IT WAS SEPTEMBER NINTH and I was a bundle of nerves and excitement as I drank my piping hot morning coffee. The first day of recording my solo album had finally arrived. I felt a familiar twinge of chronic unpreparedness and a novel sense of fate. Clutching my fiddle case and a sheaf of printed lyrics, I headed out the door with Sean and his photography gear.
We arrived at the legendary Blackbird Studio in sunny Nashville just as another musician was emerging from his car. I realized it was Bryan Sutton, an uber successful figure in the industry and one of the five guys who would be playing and recording my songs starting in a few short minutes. I clamped down on the frenzied internal fangirl who immediately started freaking out. There would be no time for that. I was stepping into a professional world and I would need to concentrate all my energy on keeping up with the gang. Whispering in my ear were doubts of all shades and voices, Are you good enough? Who do you think you are? Do you have what it takes? Can you? Will you?
Blackbird Studio is owned by John and Martina McBride, decorated with vintage Beatles memorabilia everywhere. The complex is home to an extensive collection of equipment and boasts nine different studios where countless hit records have been made. Friendly employees guided us to Studio B where my producer, Ben Fowler, and the assistant engineer, Lowell, were finalizing the setup. Ben told me all was well in hand and pointed out my little panel-lined booth to the right of the control room. He said all I had to do was have fun. I would have a direct line of sight to him, and the small mixer at my side would let me adjust what I heard in my headphones.
I could hear the drums being hit one at a time, unseen in another room. Lowell tested the mics already set up for my vocals and fiddle; they sounded so clear and pristine. I hung around in the control room as the band members finished setting up their instruments. Afterward, they entered one by one, congregating easily, greeting each other and cracking jokes behind their masks.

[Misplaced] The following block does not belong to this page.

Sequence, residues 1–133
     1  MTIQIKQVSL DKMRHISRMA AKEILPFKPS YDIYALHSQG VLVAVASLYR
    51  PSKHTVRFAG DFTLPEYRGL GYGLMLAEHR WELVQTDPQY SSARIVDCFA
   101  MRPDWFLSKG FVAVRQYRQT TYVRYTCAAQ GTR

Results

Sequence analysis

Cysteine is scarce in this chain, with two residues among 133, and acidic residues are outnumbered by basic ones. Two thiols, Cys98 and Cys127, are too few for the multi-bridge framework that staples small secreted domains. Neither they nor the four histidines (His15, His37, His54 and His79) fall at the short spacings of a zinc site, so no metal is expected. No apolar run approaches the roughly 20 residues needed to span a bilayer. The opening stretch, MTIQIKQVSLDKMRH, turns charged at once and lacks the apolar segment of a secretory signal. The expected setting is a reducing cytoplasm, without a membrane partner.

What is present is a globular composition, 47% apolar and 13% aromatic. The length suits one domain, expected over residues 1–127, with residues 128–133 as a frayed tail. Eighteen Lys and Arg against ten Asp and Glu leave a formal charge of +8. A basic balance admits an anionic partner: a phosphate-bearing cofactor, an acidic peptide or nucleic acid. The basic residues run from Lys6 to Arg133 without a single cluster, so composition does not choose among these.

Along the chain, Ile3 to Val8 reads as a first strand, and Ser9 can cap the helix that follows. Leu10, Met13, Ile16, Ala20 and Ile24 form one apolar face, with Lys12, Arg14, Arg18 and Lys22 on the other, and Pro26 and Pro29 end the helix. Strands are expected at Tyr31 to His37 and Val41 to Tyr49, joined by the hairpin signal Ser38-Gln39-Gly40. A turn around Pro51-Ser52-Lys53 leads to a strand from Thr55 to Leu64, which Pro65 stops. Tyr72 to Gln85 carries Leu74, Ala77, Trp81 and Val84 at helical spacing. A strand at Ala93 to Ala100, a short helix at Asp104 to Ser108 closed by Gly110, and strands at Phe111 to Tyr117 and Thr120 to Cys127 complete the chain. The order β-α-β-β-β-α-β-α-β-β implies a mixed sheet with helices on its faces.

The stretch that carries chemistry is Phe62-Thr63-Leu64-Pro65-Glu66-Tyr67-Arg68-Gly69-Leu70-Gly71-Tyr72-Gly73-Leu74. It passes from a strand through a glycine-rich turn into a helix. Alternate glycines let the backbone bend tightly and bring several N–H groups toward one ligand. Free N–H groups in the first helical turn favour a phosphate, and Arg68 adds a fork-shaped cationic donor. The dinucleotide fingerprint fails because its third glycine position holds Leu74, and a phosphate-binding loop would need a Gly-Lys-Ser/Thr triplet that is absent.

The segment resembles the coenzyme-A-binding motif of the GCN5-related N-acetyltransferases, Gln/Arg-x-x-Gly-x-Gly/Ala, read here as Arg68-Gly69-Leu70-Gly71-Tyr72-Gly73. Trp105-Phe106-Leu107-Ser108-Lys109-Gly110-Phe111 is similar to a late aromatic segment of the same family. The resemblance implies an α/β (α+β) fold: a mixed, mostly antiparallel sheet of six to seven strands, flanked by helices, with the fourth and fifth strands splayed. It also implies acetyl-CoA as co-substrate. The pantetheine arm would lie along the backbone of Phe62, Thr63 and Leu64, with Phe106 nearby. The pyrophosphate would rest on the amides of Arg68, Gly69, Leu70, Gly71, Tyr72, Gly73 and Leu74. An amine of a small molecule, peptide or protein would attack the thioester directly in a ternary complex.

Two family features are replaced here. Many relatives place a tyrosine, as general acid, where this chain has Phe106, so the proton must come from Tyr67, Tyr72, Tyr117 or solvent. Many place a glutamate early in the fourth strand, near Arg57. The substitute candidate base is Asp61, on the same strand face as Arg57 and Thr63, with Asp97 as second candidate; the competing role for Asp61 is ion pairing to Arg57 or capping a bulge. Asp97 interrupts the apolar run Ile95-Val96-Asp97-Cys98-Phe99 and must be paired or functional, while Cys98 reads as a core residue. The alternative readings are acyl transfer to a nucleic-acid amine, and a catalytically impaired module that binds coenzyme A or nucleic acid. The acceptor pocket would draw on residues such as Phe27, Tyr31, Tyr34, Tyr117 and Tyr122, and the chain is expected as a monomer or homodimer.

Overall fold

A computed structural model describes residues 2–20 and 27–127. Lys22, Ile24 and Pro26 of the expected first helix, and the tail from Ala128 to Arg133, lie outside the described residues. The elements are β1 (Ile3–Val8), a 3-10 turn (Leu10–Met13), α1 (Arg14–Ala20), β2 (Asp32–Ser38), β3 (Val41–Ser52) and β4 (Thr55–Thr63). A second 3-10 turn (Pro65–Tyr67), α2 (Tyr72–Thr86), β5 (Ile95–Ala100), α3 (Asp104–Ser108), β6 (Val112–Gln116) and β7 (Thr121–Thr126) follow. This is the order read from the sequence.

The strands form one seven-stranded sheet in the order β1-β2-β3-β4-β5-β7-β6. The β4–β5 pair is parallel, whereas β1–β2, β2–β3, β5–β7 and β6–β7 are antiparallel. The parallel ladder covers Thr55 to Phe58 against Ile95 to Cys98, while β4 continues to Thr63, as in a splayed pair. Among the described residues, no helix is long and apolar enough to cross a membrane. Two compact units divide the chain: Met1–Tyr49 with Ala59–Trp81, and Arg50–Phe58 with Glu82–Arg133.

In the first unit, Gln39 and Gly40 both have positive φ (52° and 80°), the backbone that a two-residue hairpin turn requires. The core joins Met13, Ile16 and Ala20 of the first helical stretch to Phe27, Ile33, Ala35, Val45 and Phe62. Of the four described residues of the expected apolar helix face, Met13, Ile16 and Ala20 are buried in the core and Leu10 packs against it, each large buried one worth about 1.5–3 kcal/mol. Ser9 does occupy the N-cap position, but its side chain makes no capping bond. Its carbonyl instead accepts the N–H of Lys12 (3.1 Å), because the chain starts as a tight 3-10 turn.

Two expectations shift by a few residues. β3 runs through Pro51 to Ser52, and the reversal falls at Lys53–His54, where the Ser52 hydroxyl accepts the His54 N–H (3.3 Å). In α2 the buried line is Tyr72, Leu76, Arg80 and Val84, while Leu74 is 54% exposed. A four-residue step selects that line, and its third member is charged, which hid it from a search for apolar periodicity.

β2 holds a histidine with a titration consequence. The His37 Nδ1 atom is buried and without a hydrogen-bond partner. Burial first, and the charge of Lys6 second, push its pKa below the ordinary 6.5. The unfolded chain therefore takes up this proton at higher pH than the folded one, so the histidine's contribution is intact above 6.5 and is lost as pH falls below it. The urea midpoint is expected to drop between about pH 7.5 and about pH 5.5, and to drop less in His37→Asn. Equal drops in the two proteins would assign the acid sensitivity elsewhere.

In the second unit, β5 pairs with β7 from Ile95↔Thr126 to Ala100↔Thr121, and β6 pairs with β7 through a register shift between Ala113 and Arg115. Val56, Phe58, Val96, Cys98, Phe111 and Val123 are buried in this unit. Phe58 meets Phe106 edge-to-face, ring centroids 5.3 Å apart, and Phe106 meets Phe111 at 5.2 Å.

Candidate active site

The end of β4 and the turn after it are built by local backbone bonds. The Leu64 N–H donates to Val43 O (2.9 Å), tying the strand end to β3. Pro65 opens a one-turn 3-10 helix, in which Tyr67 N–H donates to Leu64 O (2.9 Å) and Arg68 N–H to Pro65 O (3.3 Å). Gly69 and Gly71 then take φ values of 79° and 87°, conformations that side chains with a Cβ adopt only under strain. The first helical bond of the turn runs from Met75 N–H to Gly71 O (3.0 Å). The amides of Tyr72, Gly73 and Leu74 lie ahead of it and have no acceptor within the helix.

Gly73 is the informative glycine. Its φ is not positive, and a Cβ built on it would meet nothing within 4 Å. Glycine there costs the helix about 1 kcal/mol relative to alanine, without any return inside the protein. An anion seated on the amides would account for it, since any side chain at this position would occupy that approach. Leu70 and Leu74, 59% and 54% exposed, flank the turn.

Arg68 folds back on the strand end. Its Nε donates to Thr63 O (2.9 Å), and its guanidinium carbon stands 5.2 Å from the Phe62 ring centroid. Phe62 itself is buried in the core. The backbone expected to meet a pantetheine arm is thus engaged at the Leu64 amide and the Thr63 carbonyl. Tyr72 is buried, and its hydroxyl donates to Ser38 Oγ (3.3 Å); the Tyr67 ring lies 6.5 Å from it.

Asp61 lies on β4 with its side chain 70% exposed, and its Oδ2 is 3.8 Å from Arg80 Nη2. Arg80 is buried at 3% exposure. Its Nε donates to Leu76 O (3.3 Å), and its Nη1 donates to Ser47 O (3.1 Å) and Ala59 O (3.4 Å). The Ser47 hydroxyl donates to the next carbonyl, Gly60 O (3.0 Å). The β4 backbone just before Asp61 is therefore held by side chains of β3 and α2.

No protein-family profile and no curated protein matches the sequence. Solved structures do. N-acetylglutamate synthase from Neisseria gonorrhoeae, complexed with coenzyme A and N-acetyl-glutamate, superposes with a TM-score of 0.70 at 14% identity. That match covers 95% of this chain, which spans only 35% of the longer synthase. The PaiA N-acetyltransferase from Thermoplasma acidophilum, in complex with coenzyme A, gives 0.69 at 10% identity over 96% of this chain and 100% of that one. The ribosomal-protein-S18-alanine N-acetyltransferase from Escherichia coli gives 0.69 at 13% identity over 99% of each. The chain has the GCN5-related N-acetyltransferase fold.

Bryan Sutton would play all acoustic guitars, mandolin, bouzouki, banjo and more. He concentrated intensely on the work at hand and generated creative ideas with astonishing ease. Gordon Mote covered the keys: piano, synths and organ. He was blind and contributed the merriest voice, sharing stories and hilarious impressions during every break. Bandana-wearing Mark Hill played bass, and the gentle, long-haired Fred Eltringham laid down drums and percussion. Dan Dugmore, his white hair escaping out from under his hat, would supply edgy electric guitar and pedal steel solos.
Ben and I had decided to start the long work day with “River Runaway.” We hoped its uniqueness would signal we had no intention of making the typical country album, and also get the band excited about the project as a whole. Ben called everyone to attention and played a few samples from a wide-ranging playlist I had curated to inspire our musical imaginations. Then he played the rough demo I had made in Garageband to represent “River Runaway.” It was low quality, but I had a specific vision for this song and wanted to convey the arrangement I heard in my head. Bryan had been sent the demos beforehand and made single-sheet charts that conveyed the chord changes of each song. These were now passed out to the other band members and they stood drinking coffee and visiting, sometimes glancing at the chart as they listened. As the demo ended, they headed for their individual stations and I was slightly panicked at how easy and nonchalant they all seemed.